Today, I am taking part in d’Verse Quadrille Monday poetry prompt #164: Winging It. The prompt is to write a quadrille of just 44 words using any form of the word wing. My quadrille is called WHY WILD THE JAILBIRD SANG.
On a walk in Islington, by the canal. I glanced up at a new building of apartments and saw, high on a balcony, a caged bird. With horror, I recognised it to be a wild goldfinch. I zoomed in to take this photo, appalled at what I saw.
The law does not permit the caging of wild birds. Should you know of such a crime, please contact the RSPB. Here is the link
The shock of this photograph is the basis for my quadrille poem.
Caged goldfinch | Photo: Lesley Scoble
Why the Wild Jailbird Sang
The small bird sits in its tiny cage It doesn’t understand the rage Or its crime For this sentence of doing time. The jailbird flaps redundant wings Against the bars the goldfinch sings its wild heart out, “Let me out, Let me out!” L. S. November 2022
A little bit of literary history
The book, I Know Why the Caged Bird Sings, is an autobiography by the American writer and poet Maya Angelou (1928-2014). It is a must-read, astonishing book. The inspired title may come from a poem titled The Caged Bird by poet Paul Laurence Dunbar. As perhaps, does my title?—why the wild jailbird sang? Angelou credits both Shakespeare and Dunbar for their influence on her work. The title of her book (also writing a poem with the same title) comes straight from the third stanza of Dunbar’s poem (You may not believe me, but I wrote my quadrille before reading Dunbar’s third stanza).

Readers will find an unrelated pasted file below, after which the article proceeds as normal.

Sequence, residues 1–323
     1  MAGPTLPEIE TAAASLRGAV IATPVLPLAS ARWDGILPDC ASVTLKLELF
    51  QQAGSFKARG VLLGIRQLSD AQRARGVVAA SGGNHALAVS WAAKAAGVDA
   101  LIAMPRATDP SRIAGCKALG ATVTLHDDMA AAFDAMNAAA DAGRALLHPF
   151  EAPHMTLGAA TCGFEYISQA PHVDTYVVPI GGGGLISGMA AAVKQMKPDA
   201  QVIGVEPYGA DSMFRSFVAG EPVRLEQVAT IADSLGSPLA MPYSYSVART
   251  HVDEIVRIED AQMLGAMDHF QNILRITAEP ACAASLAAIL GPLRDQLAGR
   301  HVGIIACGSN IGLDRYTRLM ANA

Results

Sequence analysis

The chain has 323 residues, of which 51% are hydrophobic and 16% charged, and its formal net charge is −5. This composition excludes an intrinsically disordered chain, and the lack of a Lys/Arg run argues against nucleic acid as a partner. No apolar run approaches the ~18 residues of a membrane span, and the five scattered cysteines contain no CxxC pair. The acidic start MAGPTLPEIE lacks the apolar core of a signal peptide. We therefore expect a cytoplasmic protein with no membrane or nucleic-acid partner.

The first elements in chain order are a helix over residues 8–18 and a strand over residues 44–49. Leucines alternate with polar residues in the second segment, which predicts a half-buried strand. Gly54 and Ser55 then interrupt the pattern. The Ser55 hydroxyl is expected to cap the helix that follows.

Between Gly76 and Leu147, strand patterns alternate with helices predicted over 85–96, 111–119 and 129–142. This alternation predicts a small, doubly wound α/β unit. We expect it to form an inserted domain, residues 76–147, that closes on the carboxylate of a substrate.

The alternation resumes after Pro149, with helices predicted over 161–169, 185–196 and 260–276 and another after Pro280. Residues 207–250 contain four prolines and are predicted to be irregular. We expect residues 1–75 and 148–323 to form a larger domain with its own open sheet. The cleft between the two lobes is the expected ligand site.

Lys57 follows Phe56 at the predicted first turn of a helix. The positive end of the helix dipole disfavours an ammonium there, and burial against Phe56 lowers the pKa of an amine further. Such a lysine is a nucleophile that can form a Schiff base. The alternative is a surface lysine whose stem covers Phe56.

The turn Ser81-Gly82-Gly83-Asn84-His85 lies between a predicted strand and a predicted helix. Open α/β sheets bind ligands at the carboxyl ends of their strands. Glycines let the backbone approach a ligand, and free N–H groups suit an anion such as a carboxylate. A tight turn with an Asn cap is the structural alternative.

I know why the caged bird sings, ah me, When his wing is bruised and his bosom sore, When he beats his bars and would be free; It is not a carol of joy or glee, But a prayer that he sends from his heart’s deep core, But a plea, that upward to Heaven he flings — I know why the caged bird sings. Paul Laurence Dunbar (1872-1906)
My thanks to WHIMSYGIZMO and the fine collection of poets at d’Verse Poets for their encouragement and inspiration to write poetry.
I shall now bid you farewell. To leave you on a happier note with an image of a goldfinch wild and free in a tree where it belongs.